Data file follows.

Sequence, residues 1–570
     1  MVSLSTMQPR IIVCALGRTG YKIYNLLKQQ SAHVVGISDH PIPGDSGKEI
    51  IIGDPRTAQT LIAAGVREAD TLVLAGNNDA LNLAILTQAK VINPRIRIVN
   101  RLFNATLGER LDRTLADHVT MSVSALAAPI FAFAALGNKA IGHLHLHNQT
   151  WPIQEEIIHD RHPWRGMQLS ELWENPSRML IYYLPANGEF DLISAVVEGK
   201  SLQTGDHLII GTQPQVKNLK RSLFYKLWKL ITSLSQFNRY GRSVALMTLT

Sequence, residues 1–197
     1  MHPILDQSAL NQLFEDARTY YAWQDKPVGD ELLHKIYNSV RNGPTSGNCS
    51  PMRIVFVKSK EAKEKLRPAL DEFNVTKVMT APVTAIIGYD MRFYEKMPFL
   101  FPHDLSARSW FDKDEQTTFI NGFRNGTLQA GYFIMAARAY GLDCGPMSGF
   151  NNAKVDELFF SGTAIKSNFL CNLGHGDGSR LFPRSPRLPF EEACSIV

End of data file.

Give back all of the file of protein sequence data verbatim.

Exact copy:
Sequence, residues 1–570
     1  MVSLSTMQPR IIVCALGRTG YKIYNLLKQQ SAHVVGISDH PIPGDSGKEI
    51  IIGDPRTAQT LIAAGVREAD TLVLAGNNDA LNLAILTQAK VINPRIRIVN
   101  RLFNATLGER LDRTLADHVT MSVSALAAPI FAFAALGNKA IGHLHLHNQT
   151  WPIQEEIIHD RHPWRGMQLS ELWENPSRML IYYLPANGEF DLISAVVEGK
   201  SLQTGDHLII GTQPQVKNLK RSLFYKLWKL ITSLSQFNRY GRSVALMTLT

Sequence, residues 1–197
     1  MHPILDQSAL NQLFEDARTY YAWQDKPVGD ELLHKIYNSV RNGPTSGNCS
    51  PMRIVFVKSK EAKEKLRPAL DEFNVTKVMT APVTAIIGYD MRFYEKMPFL
   101  FPHDLSARSW FDKDEQTTFI NGFRNGTLQA GYFIMAARAY GLDCGPMSGF
   151  NNAKVDELFF SGTAIKSNFL CNLGHGDGSR LFPRSPRLPF EEACSIV